12/02/14 – Juvenile Hawaiian Monk Seal Death Under Investigation On KauaʻiPosted on Dec 2, 2014 in Aquatic Resources, DOCARE, News Releases, slider
|DAVID Y. IGE
WILLIAM J. AILA JR,
For Immediate News Release December 2, 2014
Reward offered for information leading to arrest of person(s) responsible.
LIHU‘E, KAUA‘I – The National Oceanic and Atmospheric Administration (NOAA), in cooperation with the Department of Land and Natural Resources (DLNR), is investigating the suspicious death of a Hawaiian monk seal on the Northeast coast of Kauai. Anyone with information about this incident should call the toll-free, confidential reward tip line, 1-855-DLNR-TIP
In cooperation with DLNR, the Humane Society of the United States, (HSUS) has again posted a $5,000 reward for information leading to the arrest and conviction of the person(s) responsible for this latest monk seal death.
The young female seal (RF58) was found dead from blunt force trauma at a beach in Anahola on Nov. 30. She was born on June 28, 2014 on Kaua‘i’s northeast coast. RF58 was seen perfectly healthy and behaving normally when observed near her birthplace less than 24 hours before she was found dead.
“Like all Hawaiian monk seals, RF58 was a vital and integral part of our native Hawaiian ecosystem,” said William J. Aila, Jr., DLNR chairperson. “Killing a healthy young female monk seal in the wild is senseless and only makes things worse for our local ocean resources and the people who depend on them.”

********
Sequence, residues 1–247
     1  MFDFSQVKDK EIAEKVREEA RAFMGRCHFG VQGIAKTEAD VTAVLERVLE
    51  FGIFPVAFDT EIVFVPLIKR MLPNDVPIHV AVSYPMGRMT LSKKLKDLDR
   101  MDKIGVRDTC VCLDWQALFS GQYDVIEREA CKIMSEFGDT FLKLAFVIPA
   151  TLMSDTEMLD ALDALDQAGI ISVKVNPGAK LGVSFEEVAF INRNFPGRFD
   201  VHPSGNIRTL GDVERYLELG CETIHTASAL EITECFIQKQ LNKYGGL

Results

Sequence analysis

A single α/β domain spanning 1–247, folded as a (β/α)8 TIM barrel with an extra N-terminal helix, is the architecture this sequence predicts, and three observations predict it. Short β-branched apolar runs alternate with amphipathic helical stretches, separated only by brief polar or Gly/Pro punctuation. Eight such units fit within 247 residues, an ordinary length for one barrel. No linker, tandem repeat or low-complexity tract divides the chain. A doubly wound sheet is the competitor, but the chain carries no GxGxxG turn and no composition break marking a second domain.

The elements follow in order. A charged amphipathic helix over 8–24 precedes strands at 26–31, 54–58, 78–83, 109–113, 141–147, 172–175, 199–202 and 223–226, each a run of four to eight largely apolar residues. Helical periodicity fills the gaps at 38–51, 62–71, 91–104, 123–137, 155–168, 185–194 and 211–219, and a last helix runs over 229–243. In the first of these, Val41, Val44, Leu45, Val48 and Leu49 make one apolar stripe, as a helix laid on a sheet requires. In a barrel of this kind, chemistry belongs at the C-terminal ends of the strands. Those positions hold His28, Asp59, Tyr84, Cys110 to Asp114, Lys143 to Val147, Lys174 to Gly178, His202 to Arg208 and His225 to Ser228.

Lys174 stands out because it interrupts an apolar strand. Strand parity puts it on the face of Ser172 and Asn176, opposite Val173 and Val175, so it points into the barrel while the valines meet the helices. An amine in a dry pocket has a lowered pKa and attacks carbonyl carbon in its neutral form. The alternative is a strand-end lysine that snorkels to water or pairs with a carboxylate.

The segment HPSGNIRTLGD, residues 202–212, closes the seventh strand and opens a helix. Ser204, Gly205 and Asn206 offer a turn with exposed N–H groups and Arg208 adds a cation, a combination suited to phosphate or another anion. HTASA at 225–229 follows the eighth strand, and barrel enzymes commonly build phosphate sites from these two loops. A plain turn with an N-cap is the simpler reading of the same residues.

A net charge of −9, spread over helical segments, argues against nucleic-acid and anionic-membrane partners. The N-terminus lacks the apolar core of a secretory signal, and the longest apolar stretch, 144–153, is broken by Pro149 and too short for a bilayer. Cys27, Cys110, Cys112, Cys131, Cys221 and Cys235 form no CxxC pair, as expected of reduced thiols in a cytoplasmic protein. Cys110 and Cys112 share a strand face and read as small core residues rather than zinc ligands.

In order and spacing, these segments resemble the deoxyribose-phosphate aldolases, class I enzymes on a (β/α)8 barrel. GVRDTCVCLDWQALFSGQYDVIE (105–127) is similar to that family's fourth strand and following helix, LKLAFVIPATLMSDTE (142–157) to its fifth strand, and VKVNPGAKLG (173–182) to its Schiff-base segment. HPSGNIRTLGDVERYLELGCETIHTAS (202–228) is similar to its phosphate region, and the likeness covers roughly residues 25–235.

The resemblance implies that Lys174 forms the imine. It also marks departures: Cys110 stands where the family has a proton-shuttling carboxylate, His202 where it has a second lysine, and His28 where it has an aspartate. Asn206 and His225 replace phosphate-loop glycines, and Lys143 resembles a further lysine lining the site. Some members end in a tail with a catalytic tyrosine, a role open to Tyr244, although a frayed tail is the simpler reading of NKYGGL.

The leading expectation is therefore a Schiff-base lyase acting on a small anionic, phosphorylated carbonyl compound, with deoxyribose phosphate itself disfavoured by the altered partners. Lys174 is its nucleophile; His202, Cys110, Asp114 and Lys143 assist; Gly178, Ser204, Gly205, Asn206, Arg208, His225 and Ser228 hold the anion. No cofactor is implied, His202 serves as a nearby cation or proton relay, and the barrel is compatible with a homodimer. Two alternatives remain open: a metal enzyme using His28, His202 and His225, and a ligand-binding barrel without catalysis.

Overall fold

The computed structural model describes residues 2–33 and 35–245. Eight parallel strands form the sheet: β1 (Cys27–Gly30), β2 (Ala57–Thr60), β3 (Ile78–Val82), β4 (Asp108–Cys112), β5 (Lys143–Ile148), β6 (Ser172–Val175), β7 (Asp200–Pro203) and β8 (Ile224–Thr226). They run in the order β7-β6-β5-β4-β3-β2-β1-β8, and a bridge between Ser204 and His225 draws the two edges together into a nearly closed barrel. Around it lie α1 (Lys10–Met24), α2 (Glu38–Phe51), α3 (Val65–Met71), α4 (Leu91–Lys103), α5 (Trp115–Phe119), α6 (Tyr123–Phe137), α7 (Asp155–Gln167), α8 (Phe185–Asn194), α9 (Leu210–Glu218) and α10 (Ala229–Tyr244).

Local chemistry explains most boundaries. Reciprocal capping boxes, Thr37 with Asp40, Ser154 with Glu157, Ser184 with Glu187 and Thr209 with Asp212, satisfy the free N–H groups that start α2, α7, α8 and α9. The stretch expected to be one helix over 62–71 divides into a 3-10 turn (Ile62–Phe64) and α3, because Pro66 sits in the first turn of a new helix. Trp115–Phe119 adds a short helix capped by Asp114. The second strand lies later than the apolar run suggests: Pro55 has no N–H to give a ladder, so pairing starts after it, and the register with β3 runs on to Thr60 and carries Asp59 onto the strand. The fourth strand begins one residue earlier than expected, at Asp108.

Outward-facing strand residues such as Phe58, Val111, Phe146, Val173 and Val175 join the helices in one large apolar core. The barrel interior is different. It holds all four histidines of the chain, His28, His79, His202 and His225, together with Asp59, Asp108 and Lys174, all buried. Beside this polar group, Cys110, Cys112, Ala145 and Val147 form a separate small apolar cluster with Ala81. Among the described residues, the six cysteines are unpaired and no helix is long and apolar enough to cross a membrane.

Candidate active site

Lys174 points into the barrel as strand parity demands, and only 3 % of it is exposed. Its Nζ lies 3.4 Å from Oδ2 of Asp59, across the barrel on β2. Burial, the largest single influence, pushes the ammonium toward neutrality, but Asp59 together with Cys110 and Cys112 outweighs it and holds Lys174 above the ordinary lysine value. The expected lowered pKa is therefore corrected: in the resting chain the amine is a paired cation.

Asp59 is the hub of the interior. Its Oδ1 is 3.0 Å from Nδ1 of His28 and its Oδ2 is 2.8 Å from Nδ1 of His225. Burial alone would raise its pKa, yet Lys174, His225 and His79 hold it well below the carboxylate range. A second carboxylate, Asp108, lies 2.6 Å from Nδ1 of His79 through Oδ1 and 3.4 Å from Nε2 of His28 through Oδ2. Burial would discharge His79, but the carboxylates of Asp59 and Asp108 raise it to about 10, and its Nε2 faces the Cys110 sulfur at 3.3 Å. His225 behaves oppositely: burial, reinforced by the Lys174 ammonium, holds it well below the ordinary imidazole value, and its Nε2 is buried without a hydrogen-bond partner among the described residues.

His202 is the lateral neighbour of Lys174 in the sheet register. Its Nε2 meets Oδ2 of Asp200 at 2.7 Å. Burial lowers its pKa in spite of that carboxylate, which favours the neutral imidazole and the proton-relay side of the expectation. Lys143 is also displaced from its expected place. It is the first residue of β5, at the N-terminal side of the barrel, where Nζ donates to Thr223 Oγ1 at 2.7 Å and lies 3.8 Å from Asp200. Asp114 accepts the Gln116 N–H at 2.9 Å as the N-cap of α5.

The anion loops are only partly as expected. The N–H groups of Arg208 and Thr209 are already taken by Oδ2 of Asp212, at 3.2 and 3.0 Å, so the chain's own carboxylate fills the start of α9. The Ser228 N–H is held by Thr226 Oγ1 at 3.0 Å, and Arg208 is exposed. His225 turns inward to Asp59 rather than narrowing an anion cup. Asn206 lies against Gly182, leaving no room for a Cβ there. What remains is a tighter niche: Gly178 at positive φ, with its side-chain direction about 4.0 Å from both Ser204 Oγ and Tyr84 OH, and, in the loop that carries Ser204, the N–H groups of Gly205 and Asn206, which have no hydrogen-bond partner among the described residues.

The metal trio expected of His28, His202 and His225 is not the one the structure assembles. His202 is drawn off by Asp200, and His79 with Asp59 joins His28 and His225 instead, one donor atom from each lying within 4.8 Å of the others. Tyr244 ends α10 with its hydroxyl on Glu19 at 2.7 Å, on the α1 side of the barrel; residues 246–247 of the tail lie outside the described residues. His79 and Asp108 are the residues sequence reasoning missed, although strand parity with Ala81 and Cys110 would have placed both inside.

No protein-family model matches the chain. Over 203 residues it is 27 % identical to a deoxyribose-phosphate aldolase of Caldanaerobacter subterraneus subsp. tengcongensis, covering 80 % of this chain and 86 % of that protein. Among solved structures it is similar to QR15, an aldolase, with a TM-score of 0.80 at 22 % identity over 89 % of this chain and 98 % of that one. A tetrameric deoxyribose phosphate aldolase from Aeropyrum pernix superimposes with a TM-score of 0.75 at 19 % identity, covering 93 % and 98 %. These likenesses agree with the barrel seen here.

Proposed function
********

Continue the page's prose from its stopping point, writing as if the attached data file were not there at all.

RF58 was the daughter of a well-known seal (RH58, or “Rocky”) who spends most of her time on O‘ahu, but usually pups on Kauai. She and her mother were victims of a dog attack in July 2014 that killed another pup. After developing abscesses (i.e., infection) from the dog bites, RF58 was treated by a veterinarian and recovered.
According to the preliminary post-mortem report from the Marine Mammal Center and NOAA Fisheries’ Conservation Medicine Officer, “The seal likely did not die immediately, but from complications associated with massive trauma and internal bleeding.”
Monk seals are endemic to Hawai‘i; they are a native species found nowhere else in the world. The species is critically endangered.
It’s a Class C felony to kill a monk seal. Someone convicted could face fines of up to $50,000 and five years in prison. It is also against federal law to kill or harm a Hawaiian monk seal and a conviction can include additional fines and jail time.
The most recent suspicious death of a Hawaiian monk seal was in April 2012, also on Kaua‘i. From November 2011-April 2012, there were four seals found dead under suspicious circumstances on Kaua‘i and Moloka‘i.
The reward being offered in this case is in addition to standing rewards for information leading to the arrest and conviction of the people responsible for killing the four monk seals on Molokai and Kauai in 2011 and 2012.
Anyone having information related to these deaths should call the NOAA OLE hotline at 1-800-853-1964 or Division of Conservation and Resources Enforcement (DOCARE) at the Tipline at 1-855-DLNR-TIP or 643-DLNR.
Public Information Specialist
Senior Communications Manager
Office of the Chair
Hawaii Department of Land & Natural Resources
1151 Punchbowl Street, Room 130
Honolulu, Hawaii 96813